Western Conference:

  • The new super-max contract signed by Stephen Curry (Warriors) includes a 15% trade kicker and has no options (Twitter link). Kevin Durant‘s two-year deal with the Warriors also features a 15% trade kicker, though he’s even less likely than Curry to be dealt (Twitter link).
  • As for James Harden‘s super-max extension with the Rockets, the final year of that deal (2022/23) is a player option (Twitter link).
  • The Rockets signed undrafted rookie Cameron Oliver to a two-year, minimum salary contract that includes $300K in guaranteed money (Twitter link).
  • George Hill‘s deal with the Kings is frontloaded, with a $20MM cap hit in year one and $19MM in year two. Hill’s third-year salary of $18MM is only guaranteed for $1MM (Twitter link).

Eastern Conference:

  • J.J. Redick would earn an even larger salary on his one-year contract with the Sixers if he’s traded this season. The $23MM pact includes a 15% trade kicker (Twitter link).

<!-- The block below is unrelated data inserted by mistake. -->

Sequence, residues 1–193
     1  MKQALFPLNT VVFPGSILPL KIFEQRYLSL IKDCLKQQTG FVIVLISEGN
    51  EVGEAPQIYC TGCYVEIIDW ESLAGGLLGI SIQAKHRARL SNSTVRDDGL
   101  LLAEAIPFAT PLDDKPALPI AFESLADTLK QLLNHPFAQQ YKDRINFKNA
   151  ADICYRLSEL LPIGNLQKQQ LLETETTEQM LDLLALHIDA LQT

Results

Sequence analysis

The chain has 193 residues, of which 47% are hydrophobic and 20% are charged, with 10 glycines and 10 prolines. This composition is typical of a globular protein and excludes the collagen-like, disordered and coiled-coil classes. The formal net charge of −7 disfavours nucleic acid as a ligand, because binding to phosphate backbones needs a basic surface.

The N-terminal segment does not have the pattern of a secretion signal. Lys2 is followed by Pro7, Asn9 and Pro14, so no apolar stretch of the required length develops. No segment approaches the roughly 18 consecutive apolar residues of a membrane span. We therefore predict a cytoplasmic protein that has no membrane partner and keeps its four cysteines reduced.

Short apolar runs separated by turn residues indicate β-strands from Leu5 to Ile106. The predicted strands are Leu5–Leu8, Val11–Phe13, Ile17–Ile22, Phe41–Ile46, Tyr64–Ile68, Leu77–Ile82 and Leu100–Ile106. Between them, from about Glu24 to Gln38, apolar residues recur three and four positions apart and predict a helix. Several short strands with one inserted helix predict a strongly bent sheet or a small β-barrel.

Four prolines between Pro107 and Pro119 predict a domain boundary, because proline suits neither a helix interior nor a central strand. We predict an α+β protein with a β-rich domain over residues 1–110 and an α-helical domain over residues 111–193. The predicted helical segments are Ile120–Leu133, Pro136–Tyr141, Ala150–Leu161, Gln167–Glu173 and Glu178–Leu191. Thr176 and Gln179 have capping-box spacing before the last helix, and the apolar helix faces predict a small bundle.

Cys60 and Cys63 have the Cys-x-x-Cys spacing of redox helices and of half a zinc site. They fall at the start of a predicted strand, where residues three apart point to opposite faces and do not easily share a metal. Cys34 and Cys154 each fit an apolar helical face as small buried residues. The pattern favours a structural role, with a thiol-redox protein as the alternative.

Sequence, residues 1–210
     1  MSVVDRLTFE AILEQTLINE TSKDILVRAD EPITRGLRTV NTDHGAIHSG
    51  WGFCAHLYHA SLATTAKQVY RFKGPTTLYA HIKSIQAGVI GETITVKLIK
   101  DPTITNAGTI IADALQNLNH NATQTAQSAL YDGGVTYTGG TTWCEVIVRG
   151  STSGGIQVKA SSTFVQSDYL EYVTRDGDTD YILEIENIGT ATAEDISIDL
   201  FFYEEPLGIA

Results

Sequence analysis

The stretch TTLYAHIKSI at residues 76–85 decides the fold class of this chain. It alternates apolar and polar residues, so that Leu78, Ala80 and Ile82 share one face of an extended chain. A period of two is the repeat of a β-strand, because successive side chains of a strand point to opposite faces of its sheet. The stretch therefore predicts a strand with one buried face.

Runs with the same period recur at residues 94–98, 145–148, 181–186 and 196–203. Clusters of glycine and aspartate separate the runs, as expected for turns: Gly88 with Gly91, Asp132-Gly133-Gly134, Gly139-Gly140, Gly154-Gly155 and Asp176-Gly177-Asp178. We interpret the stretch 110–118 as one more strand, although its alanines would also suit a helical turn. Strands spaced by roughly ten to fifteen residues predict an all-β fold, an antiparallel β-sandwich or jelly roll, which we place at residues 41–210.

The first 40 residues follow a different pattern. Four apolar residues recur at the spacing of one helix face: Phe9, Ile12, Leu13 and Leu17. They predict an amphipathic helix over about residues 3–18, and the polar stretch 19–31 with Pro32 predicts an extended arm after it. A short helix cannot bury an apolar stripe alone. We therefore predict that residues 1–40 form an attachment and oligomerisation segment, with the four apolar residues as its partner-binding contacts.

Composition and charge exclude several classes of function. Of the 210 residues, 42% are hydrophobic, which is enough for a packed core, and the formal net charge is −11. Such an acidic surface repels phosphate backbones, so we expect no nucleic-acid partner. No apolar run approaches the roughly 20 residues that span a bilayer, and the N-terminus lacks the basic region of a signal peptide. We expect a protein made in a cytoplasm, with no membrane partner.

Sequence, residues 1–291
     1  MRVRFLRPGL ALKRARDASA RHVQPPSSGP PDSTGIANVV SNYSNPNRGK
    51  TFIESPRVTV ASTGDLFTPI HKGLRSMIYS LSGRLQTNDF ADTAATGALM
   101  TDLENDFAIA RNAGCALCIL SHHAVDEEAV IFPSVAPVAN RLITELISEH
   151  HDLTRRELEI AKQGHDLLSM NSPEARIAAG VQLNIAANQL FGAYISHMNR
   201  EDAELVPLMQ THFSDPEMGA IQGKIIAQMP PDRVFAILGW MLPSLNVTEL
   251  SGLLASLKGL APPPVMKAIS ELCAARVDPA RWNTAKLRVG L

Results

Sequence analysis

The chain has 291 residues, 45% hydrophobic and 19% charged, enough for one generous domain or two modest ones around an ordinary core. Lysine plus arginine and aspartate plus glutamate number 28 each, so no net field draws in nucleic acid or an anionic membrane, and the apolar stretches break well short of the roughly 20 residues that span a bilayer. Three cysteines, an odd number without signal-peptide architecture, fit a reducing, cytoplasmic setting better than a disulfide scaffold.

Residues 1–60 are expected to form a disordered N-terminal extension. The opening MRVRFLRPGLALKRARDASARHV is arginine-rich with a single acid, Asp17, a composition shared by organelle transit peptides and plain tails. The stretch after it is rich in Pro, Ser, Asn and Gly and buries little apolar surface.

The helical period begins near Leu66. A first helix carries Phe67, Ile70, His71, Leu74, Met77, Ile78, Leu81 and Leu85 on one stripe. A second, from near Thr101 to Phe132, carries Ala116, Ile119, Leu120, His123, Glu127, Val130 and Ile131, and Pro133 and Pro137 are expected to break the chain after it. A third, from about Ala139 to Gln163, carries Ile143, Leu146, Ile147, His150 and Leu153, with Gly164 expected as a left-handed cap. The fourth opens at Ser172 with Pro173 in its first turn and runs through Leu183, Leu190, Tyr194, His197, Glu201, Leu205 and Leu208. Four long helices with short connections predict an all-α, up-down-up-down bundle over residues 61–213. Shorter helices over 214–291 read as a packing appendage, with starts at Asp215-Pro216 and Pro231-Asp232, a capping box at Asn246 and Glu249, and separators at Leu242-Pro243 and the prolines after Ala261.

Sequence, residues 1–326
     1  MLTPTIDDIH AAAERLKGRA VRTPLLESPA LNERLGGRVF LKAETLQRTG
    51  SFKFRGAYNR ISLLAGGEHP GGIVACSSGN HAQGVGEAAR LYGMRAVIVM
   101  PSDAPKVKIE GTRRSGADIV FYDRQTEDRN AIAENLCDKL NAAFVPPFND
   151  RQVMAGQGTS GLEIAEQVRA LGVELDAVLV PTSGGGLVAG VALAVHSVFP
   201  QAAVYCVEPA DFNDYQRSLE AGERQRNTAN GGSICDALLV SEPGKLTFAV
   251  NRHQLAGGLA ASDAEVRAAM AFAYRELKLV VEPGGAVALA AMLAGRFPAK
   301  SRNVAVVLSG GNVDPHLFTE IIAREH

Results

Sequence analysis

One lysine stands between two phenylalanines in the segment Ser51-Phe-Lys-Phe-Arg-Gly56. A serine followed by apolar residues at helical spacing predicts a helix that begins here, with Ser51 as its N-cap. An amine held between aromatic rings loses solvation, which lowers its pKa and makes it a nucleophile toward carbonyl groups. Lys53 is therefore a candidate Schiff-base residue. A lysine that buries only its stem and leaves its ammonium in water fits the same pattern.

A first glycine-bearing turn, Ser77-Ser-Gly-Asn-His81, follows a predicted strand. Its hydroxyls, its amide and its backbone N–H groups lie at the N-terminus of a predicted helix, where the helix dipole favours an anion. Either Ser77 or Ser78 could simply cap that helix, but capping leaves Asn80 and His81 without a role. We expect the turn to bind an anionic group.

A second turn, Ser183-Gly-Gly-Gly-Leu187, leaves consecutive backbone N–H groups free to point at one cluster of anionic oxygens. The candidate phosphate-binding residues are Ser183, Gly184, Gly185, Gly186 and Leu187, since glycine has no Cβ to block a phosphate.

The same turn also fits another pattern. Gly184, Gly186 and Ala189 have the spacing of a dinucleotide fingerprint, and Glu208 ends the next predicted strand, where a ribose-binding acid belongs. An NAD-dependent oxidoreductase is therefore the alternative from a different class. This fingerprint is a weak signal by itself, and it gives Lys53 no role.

• The Magic signed Shelvin Mack to a two-year contract worth an even $6MM annually, but only $1MM is guaranteed in year two (Twitter link).
  • Undrafted free agent Alfonzo McKinnie signed a two-year, minimum salary contract with the Raptors that features a $100K guarantee (Twitter link).

Free Agent Rumors: Porter, Randolph, Millsap, Holiday

The Wizards‘ session with Otto Porter ended without an agreement, tweets David Aldridge of TNT. Porter plans to start meeting with other teams this weekend (Twitter link). That creates a potential opening for the Nets, who appear willing to offer the max of four years and $100MM, according to a post on NetsDaily. Philadelphia may also get involved, but the Sixers seem reluctant to make long-term offers. Washington has promised to match any offer for the restricted free agent.

There’s more late-night free agency news:

  • Aldridge has two more tidbits to pass along. The Cavaliers are interested in Grizzlies power forward Zach Randolph and plan to call him today (Twitter link). Also, Blake Griffin‘s decision to re-sign with the Clippers means the Suns will intensify their pursuit of  Hawks forward Paul Millsap (Twitter link).
  • Jrue Holiday met with the Pelicans tonight, but no deal was reached, tweets Sam Amick of USA Today. The two sides are expected to get together again in the morning.
  • The new $201MM supermax contract that the Warriors gave to Stephen Curry doesn’t include a no-trade clause or a player option, according to Anthony Slater of The San Jose Mercury News (Twitter link).